Downlight placement in bathroom

7 Jan 2010
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United Kingdom
Hi guys, I understand a lot of you don't like downlights so if you are one of these please stop reading now :D

I would really appreciate your feedback on the positioning of downlight's shown on the following plan:

The light fittings are hooded as there is a loft bedroom above and the bulbs are Megaman 240V 6W LED (50w equivalent) GU10 fitting, 450 lumens 35 degree beam. I actually purchased 10 fittings 6 months ago when they were on offer, but think I probably only need to use 8.

The current pull cord will be replaced with a Hartington Heath LumoS Dimmer Touch Sensor Switch (1 gang 2 way model). I mention this because it has dimmer memory, so in theory if I put too many lights in, I can always dim then down! If there isn't enough light, I'm stuffed!
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The current positioning is based on general advice given by the electrician that will be wiring up and also some "Googling" (so I'm obviously an expert now). Suggestions were to position approximately 60 to 90 cm from walls and 90 to 120cm from each other. I calculate the spot size would be 147cm for a 35 degree angle and ceiling height of 235cm.

I'm aware that positioning a downlight above the bath isn't ideal as you tend to look up at it, however, we very rarely take baths and we can always dim the lights. There will also be a large rectangular, back lit mirror above the basin and toilet so this could be used in isolation for subdued lighting. One of the spots is positioned in the walk in shower, leaving room for the ceiling shower head, size to be decided, but possibly around 30cm diameter.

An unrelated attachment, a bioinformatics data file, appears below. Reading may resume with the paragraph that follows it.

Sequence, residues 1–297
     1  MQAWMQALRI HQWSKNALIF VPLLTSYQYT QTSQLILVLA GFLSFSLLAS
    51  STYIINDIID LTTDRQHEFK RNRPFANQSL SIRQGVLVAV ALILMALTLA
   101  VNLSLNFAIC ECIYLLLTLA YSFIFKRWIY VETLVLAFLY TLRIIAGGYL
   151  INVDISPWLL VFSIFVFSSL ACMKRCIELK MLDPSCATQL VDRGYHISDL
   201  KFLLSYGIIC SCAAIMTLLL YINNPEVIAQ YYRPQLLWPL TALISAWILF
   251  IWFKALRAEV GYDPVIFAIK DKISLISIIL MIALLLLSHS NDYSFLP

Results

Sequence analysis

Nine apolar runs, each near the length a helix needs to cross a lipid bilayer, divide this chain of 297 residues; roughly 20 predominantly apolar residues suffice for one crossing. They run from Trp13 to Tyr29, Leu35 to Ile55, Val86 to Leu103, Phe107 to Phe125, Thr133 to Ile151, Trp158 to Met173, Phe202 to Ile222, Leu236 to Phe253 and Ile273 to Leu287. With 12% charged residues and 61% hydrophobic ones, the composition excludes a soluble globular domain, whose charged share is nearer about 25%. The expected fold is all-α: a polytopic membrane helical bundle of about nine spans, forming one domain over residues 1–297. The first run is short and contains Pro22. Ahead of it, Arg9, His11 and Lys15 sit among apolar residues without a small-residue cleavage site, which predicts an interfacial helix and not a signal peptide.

Constructive comments on improving the layout would be appreciated as I'm sure there are many things I haven't considered.
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I would go with something similar to your drawing, except would centre over the bath, centre over window, and mirror, just from an aesthetic view personally as well as practical

With downlights, it’s always a toss up between how does it look on the ceiling vs how does it light the room and finding a balance can be a challenge